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End-of-Life Comfort and Care

Pomona Valley Hospital Medical Center understands that end of life requires active and compassionate therapies to support individuals and families. The Hospital is committed to providing patients with the best quality of life during an advanced disease or life-limiting illness by ensuring comfort and dignity.

The Hospital’s Role in End-of-Life Comfort and Care

Hospital staff can assist patients in the following ways:

  • Discuss options for end-of-life care including palliative care and hospice referrals
  • Encourage conversations with personal physicians
  • Provide general information about the End-of-Life Option Act

Palliative Care

Palliative care is a medical service that can be offered at the same time as treatment and may include the management of pain and symptoms, as well as discussions about advance care planning. The Hospital’s Palliative Care program uses a multidisciplinary approach to address the physical, psychological, emotional and spiritual needs of the patient and their family. Palliative care may be complementary to curative or life-prolonging therapies that are being used to meet a patient’s defined goals of care.

Our Palliative Care team works with patients to:

  • Educate patients and families in an effort to promote understanding of the disease process and the expected future course of an illness
  • Engage patients and families to participate in the medical decision-making process
  • Develop a plan of care that promotes patients’ quality of life and maintains the dignity they deserve
  • Establish an environment that promotes patients’ cultural, spiritual and religious needs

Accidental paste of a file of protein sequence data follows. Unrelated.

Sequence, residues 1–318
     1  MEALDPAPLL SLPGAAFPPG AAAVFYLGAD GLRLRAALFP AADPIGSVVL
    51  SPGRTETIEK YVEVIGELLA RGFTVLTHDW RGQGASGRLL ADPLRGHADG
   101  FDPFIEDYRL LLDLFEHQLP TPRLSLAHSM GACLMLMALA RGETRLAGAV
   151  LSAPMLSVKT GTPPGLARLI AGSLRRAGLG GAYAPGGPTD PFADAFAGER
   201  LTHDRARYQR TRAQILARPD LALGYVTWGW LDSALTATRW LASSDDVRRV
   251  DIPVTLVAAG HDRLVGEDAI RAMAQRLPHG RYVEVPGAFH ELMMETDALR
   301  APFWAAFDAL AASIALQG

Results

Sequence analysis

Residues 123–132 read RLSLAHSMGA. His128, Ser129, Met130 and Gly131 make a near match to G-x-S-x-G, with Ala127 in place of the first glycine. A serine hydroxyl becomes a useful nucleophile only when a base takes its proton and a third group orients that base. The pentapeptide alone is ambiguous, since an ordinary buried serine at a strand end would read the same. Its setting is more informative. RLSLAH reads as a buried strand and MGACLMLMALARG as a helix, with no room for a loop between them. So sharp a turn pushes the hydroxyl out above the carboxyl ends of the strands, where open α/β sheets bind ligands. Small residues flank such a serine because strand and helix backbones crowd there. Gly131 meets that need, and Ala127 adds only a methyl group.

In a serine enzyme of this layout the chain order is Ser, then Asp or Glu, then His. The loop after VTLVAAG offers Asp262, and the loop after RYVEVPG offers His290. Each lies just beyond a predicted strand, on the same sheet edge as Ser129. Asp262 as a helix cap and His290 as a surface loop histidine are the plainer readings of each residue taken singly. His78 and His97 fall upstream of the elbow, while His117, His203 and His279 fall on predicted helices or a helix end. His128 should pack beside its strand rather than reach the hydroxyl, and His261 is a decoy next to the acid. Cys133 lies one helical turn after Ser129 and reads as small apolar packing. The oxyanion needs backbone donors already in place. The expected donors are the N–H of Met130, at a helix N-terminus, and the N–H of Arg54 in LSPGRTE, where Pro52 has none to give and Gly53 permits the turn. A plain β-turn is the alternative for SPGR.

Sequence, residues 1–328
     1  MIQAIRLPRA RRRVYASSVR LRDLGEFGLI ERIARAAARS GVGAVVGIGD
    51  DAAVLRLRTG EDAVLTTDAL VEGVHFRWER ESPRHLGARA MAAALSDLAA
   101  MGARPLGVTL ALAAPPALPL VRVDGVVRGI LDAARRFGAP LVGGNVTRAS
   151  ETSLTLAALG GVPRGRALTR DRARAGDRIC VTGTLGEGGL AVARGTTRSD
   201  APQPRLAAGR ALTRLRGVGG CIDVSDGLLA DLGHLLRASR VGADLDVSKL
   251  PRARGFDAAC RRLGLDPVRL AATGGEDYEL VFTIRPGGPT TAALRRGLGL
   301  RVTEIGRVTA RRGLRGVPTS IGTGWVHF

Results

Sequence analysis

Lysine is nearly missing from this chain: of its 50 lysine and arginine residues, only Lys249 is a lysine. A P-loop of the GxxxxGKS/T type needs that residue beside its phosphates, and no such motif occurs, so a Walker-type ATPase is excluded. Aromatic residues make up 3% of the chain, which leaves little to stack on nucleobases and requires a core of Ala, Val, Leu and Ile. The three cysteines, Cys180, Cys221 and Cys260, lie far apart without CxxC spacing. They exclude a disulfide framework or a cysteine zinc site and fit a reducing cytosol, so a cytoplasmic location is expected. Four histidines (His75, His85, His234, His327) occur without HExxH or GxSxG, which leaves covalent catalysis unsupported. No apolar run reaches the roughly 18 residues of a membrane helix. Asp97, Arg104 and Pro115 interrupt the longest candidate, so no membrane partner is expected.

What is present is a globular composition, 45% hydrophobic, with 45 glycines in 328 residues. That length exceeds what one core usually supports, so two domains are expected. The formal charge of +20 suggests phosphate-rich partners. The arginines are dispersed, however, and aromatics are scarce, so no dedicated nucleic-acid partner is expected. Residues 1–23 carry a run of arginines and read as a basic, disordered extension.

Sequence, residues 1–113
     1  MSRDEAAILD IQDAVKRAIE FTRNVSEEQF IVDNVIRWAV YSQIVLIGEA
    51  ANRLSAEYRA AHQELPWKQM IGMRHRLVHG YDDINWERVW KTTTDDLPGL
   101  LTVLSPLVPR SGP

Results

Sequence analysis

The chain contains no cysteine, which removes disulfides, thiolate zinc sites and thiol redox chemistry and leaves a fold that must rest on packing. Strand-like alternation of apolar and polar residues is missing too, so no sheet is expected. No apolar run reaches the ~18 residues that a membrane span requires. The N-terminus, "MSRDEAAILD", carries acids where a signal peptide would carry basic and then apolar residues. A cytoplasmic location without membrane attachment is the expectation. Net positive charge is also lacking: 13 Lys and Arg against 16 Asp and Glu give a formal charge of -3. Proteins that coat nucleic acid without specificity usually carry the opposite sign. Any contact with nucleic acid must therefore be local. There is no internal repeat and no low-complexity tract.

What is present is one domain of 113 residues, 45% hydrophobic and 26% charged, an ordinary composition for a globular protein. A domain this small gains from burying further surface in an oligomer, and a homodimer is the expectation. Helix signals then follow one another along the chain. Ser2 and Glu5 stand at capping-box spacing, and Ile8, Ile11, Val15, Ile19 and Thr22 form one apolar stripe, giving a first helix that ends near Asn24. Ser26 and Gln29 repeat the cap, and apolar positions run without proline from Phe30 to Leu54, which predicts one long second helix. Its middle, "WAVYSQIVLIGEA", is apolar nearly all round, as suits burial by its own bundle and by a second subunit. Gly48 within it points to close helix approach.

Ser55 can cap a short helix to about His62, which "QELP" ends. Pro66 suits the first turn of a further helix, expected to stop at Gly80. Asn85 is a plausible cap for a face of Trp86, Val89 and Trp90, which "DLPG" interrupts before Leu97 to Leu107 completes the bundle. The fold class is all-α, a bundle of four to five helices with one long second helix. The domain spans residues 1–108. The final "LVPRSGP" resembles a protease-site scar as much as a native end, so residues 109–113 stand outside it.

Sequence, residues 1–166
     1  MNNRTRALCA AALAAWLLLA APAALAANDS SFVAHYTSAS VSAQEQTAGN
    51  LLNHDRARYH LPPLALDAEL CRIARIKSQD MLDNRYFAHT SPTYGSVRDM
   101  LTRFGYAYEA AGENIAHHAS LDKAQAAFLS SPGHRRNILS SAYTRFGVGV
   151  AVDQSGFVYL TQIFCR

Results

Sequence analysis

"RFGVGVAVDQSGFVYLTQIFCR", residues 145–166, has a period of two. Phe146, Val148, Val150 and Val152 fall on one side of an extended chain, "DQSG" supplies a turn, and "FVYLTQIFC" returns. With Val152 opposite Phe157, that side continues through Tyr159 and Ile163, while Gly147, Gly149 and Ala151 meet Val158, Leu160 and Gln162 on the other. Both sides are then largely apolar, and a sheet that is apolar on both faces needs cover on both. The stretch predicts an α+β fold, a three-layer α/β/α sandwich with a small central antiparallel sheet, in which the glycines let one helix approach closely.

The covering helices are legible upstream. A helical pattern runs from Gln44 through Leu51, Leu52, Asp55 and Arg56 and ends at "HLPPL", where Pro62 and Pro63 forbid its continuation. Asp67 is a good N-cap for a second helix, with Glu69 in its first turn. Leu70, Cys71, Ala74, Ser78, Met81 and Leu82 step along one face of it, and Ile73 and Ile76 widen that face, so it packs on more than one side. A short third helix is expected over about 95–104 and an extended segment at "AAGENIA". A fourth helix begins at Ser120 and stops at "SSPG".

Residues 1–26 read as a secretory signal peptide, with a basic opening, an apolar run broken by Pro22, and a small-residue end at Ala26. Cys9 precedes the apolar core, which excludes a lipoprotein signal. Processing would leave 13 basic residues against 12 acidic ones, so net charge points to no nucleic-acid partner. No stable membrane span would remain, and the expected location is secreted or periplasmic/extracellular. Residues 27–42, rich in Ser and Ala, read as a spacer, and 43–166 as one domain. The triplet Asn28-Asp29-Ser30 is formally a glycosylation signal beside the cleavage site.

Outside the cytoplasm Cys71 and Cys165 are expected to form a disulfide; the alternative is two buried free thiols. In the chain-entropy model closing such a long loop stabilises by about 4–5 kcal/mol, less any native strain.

Hospice is an option for individuals who have decided to stop treatment that may prolong their life. The primary goal of hospice services is to provide comfort care. The Hospital can provide referrals for hospice care.

End-of-Life Option Act

Effective June 9, 2016, California allows an adult who has been diagnosed with a terminal illness and who has a life expectancy of no more than six months to request and be prescribed an aid-in-dying drug, if specified conditions are met. In order to qualify for the aid-in-dying medication, the patient must have the capacity to make medical decisions for him/herself, be a resident of California, make three voluntary requests (two oral and one written) and have the ability to self-administer the medication.

Hospital participation in the End-of-Life Option Act is voluntary, as the law is designed for the outpatient setting. Pomona Valley Hospital Medical Center is not participating in the Act, so we encourage patients who would like to learn more about the End-of-Life Option Act to have a conversation with their personal physician.